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ANN ARBOR — When Michigan’s coaching staff arrived on campus this winter and began laying out their expectations for certain players, they never discussed — not publicly, anyway — the what ifs.
For example, what if the offense can’t score, let alone move the ball, against an opponent that it figured to overpower? Do the coaches then decide to remove the proverbial harness attached to quarterback Denard Robinson and let him do what he does best? The answer, Saturday, was yes. And no, that’s not necessarily a good thing.
Vowing in the offseason that they wouldn’t overindulge on Robinson rushes, coach Brady Hoke and his staff had to scrap that plan in a 31-3 win over Eastern Michigan at Michigan Stadium.
Robinson piled up 198 yards on 26 attempts, the result of his coaches readjusting their plan of not wanting to run him more than 15 times a game. Robinson’s slice of the pie got bigger and bigger after the Wolverines failed to score in the first quarter for the third week in a row.
“We don’t want to get him beat up,” Hoke said after the game. “We’re going to play in a pretty physical league, so we have to make sure we get other ways [of moving the ball].”
It was partially Robinson’s fault he had to run so much. Continuing a disturbing trend from the past two weeks, accuracy was an issue early on for the junior, who misfired on his first five passing attempts. Trailing 3-0 in the second quarter, Robinson got busy with his feet, busting a 52-yard run on a play that began at his own 3-yard line. After three more runs by him, including one for 22 yards, Robinson found Kevin Koger for his first completion of the afternoon. They hooked up a few plays later, on Robinson’s only other completion of the half, for a 9-yard touchdown strike to finalize a 97-yard drive.
“We came out a little bit flat, but in the 97-yard drive we picked up some momentum,” Robinson said.
From that point forward, Robinson settled in, and the Wolverines (3-0) did what was expected of them against an EMU team trying to avoid its 16th straight losing season. Robinson began handing the ball off to Vincent Smith, who picked up 118 yards on just nine carries (13.1 average) to record his first 100-yard game since his freshman season in 2009.
Robinson’s runs remained a part of the revised game plan, noted by his 11-yard TD run with 39 seconds left in the first half. At that point, he had 14 carries for 131 yards.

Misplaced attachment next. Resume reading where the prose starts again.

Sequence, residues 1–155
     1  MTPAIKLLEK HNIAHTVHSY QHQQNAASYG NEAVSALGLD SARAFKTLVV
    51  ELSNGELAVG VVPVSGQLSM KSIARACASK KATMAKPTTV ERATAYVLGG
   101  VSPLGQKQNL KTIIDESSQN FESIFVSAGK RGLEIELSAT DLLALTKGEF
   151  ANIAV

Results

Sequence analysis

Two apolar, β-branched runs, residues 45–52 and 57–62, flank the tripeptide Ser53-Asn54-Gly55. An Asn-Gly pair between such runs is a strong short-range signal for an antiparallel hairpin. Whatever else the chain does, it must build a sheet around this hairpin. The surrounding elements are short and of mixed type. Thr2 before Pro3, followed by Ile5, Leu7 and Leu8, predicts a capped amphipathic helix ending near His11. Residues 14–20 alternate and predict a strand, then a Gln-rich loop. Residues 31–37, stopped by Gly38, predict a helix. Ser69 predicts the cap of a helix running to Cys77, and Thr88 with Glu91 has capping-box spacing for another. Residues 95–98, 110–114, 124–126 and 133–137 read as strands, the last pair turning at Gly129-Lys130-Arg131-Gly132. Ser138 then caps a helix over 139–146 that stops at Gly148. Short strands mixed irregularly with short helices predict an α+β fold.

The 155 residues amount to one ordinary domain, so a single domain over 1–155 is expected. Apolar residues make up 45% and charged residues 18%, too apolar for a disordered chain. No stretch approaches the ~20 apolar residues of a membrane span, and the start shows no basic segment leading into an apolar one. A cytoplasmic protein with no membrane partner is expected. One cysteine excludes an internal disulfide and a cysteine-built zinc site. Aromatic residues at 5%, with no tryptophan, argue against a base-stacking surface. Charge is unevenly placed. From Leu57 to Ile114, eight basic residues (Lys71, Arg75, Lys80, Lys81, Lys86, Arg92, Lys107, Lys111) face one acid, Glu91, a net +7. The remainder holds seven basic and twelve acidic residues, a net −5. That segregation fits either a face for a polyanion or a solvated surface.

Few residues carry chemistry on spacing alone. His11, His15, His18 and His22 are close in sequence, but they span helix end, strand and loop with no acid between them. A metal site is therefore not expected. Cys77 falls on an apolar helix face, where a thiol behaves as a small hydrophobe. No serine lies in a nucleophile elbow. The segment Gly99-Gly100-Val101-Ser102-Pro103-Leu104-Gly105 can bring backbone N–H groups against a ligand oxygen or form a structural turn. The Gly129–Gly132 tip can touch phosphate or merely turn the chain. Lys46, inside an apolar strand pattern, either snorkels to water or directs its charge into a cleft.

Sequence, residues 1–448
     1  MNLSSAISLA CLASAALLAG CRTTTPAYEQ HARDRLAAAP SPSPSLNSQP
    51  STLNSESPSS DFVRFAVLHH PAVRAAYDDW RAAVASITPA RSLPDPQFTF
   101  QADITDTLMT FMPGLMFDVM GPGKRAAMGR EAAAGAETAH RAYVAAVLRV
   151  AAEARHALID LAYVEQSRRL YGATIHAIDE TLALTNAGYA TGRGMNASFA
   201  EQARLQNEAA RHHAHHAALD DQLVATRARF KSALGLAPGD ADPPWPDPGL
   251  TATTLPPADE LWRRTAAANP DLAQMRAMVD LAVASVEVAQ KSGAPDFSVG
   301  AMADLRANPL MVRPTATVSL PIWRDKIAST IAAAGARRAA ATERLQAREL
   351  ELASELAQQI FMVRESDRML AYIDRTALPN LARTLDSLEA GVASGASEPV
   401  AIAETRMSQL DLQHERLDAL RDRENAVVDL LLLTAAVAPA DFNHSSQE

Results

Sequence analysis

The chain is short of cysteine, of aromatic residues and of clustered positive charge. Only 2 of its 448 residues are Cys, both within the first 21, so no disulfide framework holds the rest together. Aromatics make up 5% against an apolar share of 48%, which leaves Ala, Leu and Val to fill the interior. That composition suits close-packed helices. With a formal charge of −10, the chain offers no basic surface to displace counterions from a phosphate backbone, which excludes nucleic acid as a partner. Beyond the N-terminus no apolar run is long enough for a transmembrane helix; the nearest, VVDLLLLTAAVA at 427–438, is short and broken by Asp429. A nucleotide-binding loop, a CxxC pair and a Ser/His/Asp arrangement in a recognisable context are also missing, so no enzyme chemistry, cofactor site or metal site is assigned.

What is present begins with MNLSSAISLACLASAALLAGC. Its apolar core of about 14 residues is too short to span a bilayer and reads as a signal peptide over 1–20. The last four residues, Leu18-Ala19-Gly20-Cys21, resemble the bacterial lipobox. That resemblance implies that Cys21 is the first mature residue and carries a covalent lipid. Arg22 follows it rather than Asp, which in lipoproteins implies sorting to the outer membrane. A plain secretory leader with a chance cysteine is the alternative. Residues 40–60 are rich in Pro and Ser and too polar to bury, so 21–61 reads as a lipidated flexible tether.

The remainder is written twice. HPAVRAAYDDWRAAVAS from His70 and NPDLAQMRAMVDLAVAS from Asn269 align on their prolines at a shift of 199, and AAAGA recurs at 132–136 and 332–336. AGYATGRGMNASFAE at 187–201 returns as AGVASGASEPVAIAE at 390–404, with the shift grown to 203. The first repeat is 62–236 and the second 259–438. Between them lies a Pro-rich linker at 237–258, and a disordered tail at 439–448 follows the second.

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“When you have a guy who can make multiple plays because of his athleticism, there’s no doubt that it’s a little more difficult,” Hoke said. “He’s done a nice job. We just have to keep working, and he has to keep working on it and focusing and concentrating on that improvement on his game.”
While the offense sputtered early, the defense managed to keep the dam in tact. Safety Jordan Kovacs flew overtop the line of scrimmage to stop EMU running back Javonti Greene on fourth-and-goal at the 1, wrapping Greene’s ankles for a textbook takedown. When the Wolverines failed to gain a yard on the ensuing drive, the Eagles took advantage by making a 21-yard field goal.
Kovacs, who has come up with big moments in all three games, was assigned to Greene on the play.
“He was locked on that guy and he did a tremendous job of beating the guy to the edge,” Hoke said.
Kovacs said EMU (2-1) ran various plays and formations in the first half the Wolverines didn’t anticipate. Foremost, was a double pass that ended badly for the Eagles. Lined up as a receiver, backup quarterback Tyler Benz caught a quick pass from Alex Gillett and threw a deep ball down the visitor’s sideline that Michigan safety Thomas Gordon intercepted with one arm as he tumbled to the turf.
“The backup quarterback was in and we kind of keyed that so we knew something tricky was up,” said Gordon, who also recovered a fumble in the first half. “The [receiver] released and I just ran with him and made a good play.”
Fitzgerald Toussaint scored his third short-yardage TD of the season with 9:17 left in the third quarter to put Michigan ahead 21-3.
The Wolverines next drive, which lasted 11 plays, culminated in slot receiver Drew Dileo firing off the line uncovered and hauling in his first career TD pass from Robinson.
Halftime adjustments contributed to the offense’s spark, Hoke said.
“The offensive staff came in at halftime and said, this is what we like, and this is how we ought to align it formationally, and this is how we probably need to tweak the blocking of it,” he said. “It went pretty well.”
Contact Ryan Autullo at: firstname.lastname@example.org, 419-724-6160 or on Twitter @RyanAutullo.